We’re all responsible for the ongoing climate crisis, but we’re not equally responsible: the top 1% income earners, for instance, account for more than twice the greenhouse gas emissions of the poorest 50%, according to a UN report.
The top 10% income earners use about 45% of the energy consumed for land transport and about 75% of the energy used for aviation, compared to 10% and 5% respectively for the poorest 50% in the world.
This has to change, and fast, warns the UN.
In its emission gap report, the UN Environment Program (UNEP) said the carbon footprints have to be cut to 2.5 tons of CO2 per capita by 2030. For the 10% earners, this would mean a 10% reduction, while for the richest 1% it would mean cutting their emissions by a factor of 30 – a significant change in their lifestyle.
“The wealthy bear the greatest responsibility in this area,” UNEP executive director Inger Anderson wrote in a foreword to the report. “The combined emissions of the richest 1% of the global population account for more than twice the combined emissions of the poorest 50%. They need to reduce their footprint.”
The report listed a set of actions we can all take to change our lifestyle and reduce our carbon footprint. Taking one less long-haul international return flight would reduce your footprint by almost two tons of CO2 while using renewable electricity in your household would curb emissions by 1.5 tons per capita.
But it’s not only individuals. Governments themselves have plenty of opportunities for reducing their emissions by pursuing a green recovery from the coronavirus pandemic. If they take further climate action, they could reduce expected emissions in 2030 by about 25% and give the world a 66% change to keep temperatures below 2ºC.
Countries agreed in 2015 through the Paris Agreement to limit the temperature increase to 2ºC and ideally to 1.5ºC to avoid the worst consequences of the climate crisis. But so far we are far from that goal. With the current climate pledges, the world is heading to a global warming of between 3ºC and 4ºC.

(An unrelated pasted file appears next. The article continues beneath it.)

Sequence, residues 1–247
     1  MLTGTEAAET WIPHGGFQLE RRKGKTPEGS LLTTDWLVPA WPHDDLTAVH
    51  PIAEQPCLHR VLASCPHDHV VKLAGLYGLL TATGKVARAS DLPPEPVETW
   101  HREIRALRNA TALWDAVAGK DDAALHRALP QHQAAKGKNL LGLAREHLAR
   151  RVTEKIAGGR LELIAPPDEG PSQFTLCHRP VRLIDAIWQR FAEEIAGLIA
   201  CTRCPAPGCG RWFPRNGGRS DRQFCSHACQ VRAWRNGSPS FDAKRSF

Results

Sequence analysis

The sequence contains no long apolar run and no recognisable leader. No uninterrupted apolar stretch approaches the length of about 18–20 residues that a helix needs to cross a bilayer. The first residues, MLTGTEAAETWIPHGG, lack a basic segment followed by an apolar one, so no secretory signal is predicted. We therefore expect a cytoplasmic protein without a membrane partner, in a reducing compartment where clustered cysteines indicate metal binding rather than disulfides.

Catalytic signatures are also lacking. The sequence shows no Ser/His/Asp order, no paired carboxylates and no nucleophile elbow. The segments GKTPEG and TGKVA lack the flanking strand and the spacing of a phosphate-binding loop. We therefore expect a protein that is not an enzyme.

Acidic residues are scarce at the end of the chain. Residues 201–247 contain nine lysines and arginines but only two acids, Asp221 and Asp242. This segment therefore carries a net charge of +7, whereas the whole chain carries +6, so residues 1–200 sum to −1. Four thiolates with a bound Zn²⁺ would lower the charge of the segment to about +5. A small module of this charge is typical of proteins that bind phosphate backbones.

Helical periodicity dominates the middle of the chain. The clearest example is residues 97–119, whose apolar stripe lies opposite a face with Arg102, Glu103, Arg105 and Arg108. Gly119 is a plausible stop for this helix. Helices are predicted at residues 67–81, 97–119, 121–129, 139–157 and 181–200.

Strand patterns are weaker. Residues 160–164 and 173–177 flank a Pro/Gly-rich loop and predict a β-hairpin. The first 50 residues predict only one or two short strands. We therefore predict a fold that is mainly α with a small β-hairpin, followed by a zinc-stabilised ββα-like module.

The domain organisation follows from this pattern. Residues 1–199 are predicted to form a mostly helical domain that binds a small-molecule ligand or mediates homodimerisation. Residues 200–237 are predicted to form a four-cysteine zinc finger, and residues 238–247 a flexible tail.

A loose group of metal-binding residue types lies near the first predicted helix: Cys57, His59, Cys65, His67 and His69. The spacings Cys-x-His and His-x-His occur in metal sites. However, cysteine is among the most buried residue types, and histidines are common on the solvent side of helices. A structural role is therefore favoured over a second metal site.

To be on track with the 2º goal, countries would have to collectively increase their climate action threefold, while to be in line with the 1.5ºC goal they would have to do so fivefold, according to the UN’s report. Between now and next year, new climate pledges are expected as governments ready for the COP26 climate summit in 2021.
“The year 2020 is on course to be one of the warmest on record, while wildfires, storms, and droughts continue to wreak havoc,” said Andersen.”However, Unep’s Emissions Gap report shows that a green pandemic recovery can take a huge slice out of greenhouse gas emissions and help slow climate change.”
Each annual UNEP report analyses the previous year’s emissions. In 2019, emissions reached a record high of 52.4 GtCO2e, mainly because of land-use and non-CO2 greenhouse gasses. Looking at this year, the UN estimated that emissions would drop 7% compared to 2019 levels due to the coronavirus pandemic
The UN also said that so far government actions on a green recovery have been limited, with a lot of money spent instead on fossil fuels. But it highlighted that so far 126 countries covering 51% of global emissions have net-zero goals that are either formally adopted, announced, or under consideration.
“The growing climate and social justice movements demand that governments not just eventually close the gap, but prove to all of us that they are, at this moment, doing everything in their power to tackle the unfolding climate emergency,” said Greenpeace International Executive Director, Jennifer Morgan, in a statement.